Apologies for the small size, but if you can see the pink and orange blobs for Korean politicians that were originally civil servants or in the military respectively, then you get the idea.
The graph is from this article in the Economist magazine, which asks the question of why professional paths to the top vary so much, but unfortunately only mentions South Korea when it says…
Countries often have marked peculiarities. Egypt likes academics; South Korea, civil servants; Brazil, doctors (see chart 2). Some emerging-market countries are bedeviled by large numbers of criminals, even if this doesn’t usually show up in their ‘Who’s Who’ records.
…yet is no less fascinating for all that. If I reluctantly confine my brief discussion to South Korea here though, then that predominance of civil servants among Korean politicians should be no surprise to anyone familiar with its Twentieth Century history (see here and here), and I’d expect to find much the same in other postwar “developmental states” also, particularly Japan that is their model and the former colonial power of most.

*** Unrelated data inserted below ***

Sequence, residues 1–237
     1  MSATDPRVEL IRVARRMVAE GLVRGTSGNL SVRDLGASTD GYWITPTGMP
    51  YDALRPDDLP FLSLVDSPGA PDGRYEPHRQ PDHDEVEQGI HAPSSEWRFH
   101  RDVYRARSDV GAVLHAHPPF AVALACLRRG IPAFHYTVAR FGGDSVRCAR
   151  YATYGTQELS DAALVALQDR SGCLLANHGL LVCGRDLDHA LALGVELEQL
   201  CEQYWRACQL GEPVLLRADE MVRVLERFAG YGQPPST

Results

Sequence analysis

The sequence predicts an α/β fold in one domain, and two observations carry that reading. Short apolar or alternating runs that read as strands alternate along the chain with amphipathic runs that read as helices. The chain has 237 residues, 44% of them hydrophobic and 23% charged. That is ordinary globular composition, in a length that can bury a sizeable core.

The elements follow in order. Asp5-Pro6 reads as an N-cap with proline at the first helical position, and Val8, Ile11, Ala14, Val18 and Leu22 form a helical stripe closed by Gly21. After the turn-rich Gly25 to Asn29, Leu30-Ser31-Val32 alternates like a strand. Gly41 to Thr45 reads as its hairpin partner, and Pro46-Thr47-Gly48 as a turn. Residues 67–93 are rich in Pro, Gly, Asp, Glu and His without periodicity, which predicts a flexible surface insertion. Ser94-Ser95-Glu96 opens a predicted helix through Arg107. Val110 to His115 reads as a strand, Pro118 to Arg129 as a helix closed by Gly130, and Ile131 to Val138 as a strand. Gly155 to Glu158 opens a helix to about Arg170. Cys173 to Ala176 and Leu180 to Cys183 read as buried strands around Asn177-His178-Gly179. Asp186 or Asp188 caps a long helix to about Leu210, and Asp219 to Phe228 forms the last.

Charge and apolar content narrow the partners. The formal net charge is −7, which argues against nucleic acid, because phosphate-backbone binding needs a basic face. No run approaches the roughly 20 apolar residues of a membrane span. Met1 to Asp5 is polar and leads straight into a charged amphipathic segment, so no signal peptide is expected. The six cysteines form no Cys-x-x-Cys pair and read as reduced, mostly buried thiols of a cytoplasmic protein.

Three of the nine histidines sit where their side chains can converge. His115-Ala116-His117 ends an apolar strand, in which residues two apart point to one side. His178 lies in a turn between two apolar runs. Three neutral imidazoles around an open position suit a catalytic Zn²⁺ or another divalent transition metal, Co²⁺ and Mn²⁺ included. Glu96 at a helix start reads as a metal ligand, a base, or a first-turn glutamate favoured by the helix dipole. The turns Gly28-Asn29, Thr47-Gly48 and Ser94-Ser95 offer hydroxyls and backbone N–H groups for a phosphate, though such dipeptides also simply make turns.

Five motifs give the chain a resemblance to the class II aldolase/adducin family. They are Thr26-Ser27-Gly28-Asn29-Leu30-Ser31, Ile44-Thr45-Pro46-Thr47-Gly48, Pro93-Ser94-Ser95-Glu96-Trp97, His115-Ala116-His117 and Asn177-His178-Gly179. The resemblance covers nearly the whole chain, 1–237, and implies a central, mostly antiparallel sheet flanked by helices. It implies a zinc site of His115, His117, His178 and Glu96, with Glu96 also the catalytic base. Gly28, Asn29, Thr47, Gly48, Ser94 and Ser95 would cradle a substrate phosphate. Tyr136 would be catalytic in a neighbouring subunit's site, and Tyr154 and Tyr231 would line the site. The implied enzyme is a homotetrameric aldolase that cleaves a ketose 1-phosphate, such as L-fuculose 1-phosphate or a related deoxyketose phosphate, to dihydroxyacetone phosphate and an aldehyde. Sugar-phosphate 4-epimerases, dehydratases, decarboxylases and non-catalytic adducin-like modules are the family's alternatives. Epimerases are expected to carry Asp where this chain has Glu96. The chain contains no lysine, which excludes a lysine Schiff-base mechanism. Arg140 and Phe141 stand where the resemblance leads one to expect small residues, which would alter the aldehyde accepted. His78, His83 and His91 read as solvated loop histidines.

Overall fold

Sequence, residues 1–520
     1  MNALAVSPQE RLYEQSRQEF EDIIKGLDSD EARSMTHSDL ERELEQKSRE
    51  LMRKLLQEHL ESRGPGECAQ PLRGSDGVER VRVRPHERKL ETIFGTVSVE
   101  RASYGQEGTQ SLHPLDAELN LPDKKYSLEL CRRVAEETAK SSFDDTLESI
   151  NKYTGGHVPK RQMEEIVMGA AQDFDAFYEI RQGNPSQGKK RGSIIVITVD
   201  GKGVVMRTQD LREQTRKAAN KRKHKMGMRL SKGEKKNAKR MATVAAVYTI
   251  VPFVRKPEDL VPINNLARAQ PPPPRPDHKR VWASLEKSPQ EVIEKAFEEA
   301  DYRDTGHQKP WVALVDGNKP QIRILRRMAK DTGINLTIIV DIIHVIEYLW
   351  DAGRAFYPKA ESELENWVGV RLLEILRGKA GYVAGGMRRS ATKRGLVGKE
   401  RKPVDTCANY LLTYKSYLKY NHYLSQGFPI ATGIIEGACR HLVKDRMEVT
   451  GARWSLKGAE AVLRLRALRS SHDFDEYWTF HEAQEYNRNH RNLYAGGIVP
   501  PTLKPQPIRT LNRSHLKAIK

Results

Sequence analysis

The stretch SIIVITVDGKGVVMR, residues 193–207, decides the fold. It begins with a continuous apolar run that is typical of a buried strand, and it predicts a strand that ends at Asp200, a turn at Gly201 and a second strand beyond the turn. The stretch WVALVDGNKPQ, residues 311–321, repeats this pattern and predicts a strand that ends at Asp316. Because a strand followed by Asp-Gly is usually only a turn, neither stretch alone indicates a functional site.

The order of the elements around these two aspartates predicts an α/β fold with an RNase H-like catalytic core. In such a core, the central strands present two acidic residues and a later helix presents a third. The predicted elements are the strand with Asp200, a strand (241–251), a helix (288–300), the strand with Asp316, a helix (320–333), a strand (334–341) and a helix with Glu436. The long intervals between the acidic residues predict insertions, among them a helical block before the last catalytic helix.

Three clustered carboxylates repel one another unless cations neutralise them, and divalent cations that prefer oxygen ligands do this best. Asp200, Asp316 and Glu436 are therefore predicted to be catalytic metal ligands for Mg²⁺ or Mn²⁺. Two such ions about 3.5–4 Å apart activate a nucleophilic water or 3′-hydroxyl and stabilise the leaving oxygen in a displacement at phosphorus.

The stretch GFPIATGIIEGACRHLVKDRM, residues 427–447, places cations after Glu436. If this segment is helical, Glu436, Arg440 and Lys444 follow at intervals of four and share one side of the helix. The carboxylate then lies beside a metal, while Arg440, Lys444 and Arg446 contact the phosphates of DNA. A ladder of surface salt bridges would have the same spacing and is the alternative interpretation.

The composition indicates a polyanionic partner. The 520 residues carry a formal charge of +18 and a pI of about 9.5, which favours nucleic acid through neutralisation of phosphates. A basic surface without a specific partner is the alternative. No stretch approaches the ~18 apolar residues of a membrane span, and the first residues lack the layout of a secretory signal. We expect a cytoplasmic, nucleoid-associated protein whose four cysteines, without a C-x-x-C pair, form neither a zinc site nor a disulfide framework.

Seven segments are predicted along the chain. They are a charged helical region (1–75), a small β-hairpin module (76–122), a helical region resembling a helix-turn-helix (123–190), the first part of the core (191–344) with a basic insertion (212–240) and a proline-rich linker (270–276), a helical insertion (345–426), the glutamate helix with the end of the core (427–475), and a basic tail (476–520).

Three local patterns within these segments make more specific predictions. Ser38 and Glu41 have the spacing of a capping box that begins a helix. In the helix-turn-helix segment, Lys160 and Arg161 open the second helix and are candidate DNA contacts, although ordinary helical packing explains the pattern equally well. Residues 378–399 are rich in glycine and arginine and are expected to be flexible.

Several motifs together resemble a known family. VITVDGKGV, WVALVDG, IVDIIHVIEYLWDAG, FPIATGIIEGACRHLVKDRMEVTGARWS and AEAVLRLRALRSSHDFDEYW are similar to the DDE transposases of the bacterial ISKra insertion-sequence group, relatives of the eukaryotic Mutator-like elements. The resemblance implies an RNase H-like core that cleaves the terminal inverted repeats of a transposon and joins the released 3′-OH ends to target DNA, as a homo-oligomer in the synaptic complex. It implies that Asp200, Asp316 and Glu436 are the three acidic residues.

But of course their importance goes back much further than that (see here), as indeed it does in China, which has historically provided Korea with many governmental and political models to emulate. Hence the Economist is quite correct in painting Chinese Communist Party officials with (literally) the same brush also, for despite their modern ideological labels they are in many senses merely performing what are really quite timeless roles.
Other than that, I confess to being surprised at the number of politicians with military backgrounds, even though I’ve written a great deal about the pervasiveness of military culture in Korean daily life. One shouldn’t make too many generalizations from so little information though, and so I’d hesitate to make any links between the low numbers of politicians that were formerly lawyers and Korean legal culture also, although I’m certainly tempted!
(For more posts in the “Korean Sociological Image” series, see here)